Mine Warfare is the strategic, operational and tactical use of sea mines and the countermeasures to defeat them. In today’s 21st century US Navy Mine Warfare, the principal objective is to significantly decrease the time required to conduct underwater Mine Countermeasure (MCM) operations, optimize global access and commerce, ensure low risk to naval and commercial vessels, and to remove the man from the minefield.
Expertise in All Maritime Mine Warfare
PURVIS subject matter experts have unique experience in current and future Mine Countermeasures (MCM) systems, platforms and offensive sea mining capabilities, providing expertise for 21st-Century US Navy Mine Warfare. PURVIS successfully translated lessons learned, developed over 30 years of the highly successful Ship Anti-Submarine Warfare Readiness and Effectiveness Measuring (SHAREM) program, into the Mine Warfare Readiness and Effectiveness Measuring (MIREM) program.
The SHAREM Program had already crossed the boundary between Anti-Submarine Warfare (ASW) and Mine Warfare (MIW), obtaining performance data on some organic MCM systems during exercises in the Arabian Gulf. However, before MIREM, the US Navy had no coordinated program for assessing the effectiveness of its mine countermeasures (MCM) systems in a tactical environment.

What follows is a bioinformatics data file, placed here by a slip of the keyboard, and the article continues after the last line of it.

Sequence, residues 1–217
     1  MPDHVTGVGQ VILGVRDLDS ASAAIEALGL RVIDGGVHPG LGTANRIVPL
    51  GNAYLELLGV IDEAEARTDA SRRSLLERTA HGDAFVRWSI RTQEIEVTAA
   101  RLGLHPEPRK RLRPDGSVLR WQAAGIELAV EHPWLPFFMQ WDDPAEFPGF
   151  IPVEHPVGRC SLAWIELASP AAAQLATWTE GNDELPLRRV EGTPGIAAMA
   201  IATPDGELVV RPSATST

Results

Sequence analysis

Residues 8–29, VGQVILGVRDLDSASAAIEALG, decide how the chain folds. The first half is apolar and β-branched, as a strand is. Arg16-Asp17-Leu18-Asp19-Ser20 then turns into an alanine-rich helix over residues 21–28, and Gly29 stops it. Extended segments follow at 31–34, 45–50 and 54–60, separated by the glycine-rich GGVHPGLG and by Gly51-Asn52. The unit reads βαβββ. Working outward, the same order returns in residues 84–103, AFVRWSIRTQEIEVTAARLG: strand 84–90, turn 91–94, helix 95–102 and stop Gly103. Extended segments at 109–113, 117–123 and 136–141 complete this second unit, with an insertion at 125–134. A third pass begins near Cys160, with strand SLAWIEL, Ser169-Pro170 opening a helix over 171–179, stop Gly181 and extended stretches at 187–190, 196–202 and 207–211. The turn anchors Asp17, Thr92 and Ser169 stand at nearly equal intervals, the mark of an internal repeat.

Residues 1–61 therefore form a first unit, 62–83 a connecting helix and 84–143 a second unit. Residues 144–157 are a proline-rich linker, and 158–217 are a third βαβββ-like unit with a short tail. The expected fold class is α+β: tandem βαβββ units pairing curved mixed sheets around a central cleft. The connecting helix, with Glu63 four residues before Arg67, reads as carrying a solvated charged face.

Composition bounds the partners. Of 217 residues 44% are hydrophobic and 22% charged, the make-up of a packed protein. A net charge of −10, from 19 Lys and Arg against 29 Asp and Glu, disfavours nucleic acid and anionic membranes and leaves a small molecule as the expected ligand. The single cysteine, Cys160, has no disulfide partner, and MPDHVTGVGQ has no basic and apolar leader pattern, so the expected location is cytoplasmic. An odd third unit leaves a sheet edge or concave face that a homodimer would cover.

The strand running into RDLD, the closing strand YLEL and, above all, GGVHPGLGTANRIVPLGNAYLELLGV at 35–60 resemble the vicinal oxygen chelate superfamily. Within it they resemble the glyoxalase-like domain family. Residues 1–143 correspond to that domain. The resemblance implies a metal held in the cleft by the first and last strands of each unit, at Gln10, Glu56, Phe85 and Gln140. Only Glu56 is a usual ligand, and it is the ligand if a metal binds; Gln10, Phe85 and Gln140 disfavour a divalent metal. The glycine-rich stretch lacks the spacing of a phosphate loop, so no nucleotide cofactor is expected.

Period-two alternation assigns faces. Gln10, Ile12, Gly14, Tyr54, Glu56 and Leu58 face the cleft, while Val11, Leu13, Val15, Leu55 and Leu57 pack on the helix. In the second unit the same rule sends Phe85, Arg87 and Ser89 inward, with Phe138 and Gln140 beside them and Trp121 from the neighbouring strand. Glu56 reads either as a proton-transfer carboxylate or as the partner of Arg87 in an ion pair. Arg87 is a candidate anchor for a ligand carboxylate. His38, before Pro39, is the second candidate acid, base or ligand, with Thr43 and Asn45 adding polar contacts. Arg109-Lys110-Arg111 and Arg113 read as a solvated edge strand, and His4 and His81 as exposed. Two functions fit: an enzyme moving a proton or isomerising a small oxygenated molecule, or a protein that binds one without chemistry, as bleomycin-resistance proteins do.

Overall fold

Although the concept of a sea mine can be traced to “Greek Fire” used to defend Constantinople in the year 673, in the American experience the first use of sea mines or “torpedoes” came in an unsuccessful 1776 attack against HMS Eagle in the Hudson River. The first successful US Navy mining operation occurred during the War of 1812, when mines denied British access to the Port of New York.
Quantitative MCM Effectiveness Measurement
PURVIS was the prime contractor responsible for planning, collecting, reconstruction, analysis and reporting to meet Chief of Naval Operations (CNO) and fleet requirements for quantitative MCM effectiveness measurement. Real-world data gathered from MIREM exercises, and subsequent analysis, results and recommendations, was used by the CNO (program sponsor) and other decision-makers for improvements to existing systems or development of new systems, and Tactics, Training and Procedures (TTPs).
PURVIS also performs a broad range of program management, testing and logistics tasks for other Mine Warfare and Mine Countermeasure programs including: